05 February 2008

Are we into Ecoganda?

I found this symposium (which I could only hope to attend) on propaganda and it got me thinking about the sustainability talk that is all around me. Believe you me, it's popular.

It's here and here (of note in the video link on this site, the attendees were "young, affluent and educated." Their words, not mine). And I'm both confounded by and caught between the economy, ecology and culture that is associated with going green. Some days I think I should just let this story unfold. Let people (12 000 attendees at last year's Epic event) learn more and see what they actually do with this new knowledge. Can too much knowledge be detrimental? Are we okay to just keep consuming more as long as it fits into a sustainable container? And are we really pushing the sustainability conversation deeper? Or simply wider? I'm not trying to preach anything here. Just confessing that I'm befuddled in the fog of my process to discover how design might speak differently to these issues. Industrial design can challenge the actual product. How can a communication designer affect and challenge the actual message?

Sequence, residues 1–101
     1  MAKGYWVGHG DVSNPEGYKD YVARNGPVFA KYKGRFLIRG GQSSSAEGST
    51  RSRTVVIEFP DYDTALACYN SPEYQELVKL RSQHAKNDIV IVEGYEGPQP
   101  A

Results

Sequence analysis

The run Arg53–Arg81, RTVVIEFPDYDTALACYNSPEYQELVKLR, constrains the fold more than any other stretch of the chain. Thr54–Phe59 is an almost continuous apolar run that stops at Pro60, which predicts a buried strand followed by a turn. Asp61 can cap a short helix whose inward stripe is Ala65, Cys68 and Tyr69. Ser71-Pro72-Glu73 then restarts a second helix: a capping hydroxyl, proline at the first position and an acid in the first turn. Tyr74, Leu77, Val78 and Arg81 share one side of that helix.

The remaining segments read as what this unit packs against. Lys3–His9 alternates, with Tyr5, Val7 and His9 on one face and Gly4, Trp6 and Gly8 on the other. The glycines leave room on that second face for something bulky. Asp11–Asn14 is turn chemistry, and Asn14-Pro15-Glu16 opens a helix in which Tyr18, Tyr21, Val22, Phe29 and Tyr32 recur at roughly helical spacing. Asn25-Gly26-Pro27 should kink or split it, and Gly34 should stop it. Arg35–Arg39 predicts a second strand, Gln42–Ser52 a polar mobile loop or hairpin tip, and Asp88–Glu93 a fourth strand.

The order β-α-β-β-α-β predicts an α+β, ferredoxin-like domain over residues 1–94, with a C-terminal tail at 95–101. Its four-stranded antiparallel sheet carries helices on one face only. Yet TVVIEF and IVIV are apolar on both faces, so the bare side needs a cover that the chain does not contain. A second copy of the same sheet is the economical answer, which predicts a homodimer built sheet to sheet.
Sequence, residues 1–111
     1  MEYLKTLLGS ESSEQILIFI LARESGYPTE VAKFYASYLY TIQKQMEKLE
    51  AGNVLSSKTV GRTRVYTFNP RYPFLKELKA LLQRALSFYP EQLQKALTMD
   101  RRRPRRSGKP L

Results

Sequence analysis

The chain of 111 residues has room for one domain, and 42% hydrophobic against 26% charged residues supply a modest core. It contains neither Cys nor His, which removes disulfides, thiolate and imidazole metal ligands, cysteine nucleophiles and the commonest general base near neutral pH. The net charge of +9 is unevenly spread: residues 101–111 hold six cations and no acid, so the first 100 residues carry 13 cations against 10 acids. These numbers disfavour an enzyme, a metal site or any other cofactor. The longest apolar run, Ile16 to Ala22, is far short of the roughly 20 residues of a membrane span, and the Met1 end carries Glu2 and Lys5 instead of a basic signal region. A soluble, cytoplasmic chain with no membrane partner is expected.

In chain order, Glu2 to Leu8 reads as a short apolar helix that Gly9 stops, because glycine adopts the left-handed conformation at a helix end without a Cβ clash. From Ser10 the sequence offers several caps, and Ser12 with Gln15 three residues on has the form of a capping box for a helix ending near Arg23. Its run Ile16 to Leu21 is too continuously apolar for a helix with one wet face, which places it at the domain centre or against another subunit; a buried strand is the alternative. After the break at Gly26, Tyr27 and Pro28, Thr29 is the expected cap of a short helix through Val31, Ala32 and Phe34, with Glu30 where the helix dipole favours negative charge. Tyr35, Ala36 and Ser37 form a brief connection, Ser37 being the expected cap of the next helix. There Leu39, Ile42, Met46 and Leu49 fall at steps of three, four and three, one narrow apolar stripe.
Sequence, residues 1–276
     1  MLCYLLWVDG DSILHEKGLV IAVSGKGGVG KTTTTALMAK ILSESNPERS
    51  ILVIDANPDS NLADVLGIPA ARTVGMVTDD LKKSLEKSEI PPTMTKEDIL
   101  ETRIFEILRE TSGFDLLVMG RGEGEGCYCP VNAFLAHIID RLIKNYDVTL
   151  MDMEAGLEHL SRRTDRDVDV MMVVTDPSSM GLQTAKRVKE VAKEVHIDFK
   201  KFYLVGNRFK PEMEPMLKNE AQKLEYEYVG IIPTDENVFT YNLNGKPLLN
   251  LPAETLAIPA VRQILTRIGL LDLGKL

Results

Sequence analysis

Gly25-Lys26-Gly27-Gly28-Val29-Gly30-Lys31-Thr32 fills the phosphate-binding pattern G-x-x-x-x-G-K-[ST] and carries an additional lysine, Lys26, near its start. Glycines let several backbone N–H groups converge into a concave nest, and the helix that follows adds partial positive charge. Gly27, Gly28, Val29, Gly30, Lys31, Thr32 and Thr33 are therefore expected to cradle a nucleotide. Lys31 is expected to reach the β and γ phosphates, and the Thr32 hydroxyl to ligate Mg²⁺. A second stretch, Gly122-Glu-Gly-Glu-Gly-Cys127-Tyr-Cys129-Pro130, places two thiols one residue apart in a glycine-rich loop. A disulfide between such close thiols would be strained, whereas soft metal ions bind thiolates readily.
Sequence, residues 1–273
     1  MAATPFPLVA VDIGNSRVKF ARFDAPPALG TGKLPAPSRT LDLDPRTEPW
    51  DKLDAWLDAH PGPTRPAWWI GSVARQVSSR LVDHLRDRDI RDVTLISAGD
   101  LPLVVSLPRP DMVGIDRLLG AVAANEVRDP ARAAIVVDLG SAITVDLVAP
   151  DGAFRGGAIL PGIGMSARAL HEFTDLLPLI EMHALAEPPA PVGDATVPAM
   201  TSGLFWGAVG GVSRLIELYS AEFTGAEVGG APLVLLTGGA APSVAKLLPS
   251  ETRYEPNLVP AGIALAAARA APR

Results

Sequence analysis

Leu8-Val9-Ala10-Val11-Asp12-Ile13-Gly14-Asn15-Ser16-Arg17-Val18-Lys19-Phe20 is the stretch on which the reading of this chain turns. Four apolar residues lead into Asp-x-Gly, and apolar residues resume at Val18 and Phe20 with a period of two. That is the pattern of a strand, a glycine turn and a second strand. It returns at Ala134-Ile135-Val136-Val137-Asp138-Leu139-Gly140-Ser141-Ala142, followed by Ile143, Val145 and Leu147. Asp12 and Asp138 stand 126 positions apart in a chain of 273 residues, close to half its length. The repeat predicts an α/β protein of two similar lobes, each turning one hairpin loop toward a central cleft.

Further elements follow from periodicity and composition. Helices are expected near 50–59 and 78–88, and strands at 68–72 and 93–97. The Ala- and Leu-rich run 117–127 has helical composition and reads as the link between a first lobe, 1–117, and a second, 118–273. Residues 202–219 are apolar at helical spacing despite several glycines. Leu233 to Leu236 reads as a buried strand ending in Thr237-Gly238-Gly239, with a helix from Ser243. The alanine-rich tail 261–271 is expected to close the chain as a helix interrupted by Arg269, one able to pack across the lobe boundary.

I read in the Vancouver Sun a few weeks back that only 25% of apartment dwellers recycle. Not actually sure where that stat originates from but it at least caught my attention. As an apartment dweller myself, I realize the difficulty that can arise in recycling or composting by virtue of one's space or location. This leads me to think about a project that could improve this statistic. Can composting become "clean and cool"? Or must it remain as something perceived as troublesome and for people who live in homes? I want to research this further.

Here are a few nuggets I tracked down for larger scale composting notions (considering that Vancouver doesn't have a citywide agenda on this). They come from outside Canada but apparently our worms are doing some work in other parts of the world.

This series of videos made my night. I started here:

but you'll quickly see this science teacher takes the viewer through the story of how it all ends in a packaged version. Climate change was never discussed so clearly.


Maria said...

This is a classic Pascal's wager. But here is the flaw in Pascal's wager: human nature.

olivelife said...

This was a great read. I'm into the idea of a "nudge" in this process. "Minor change" idea.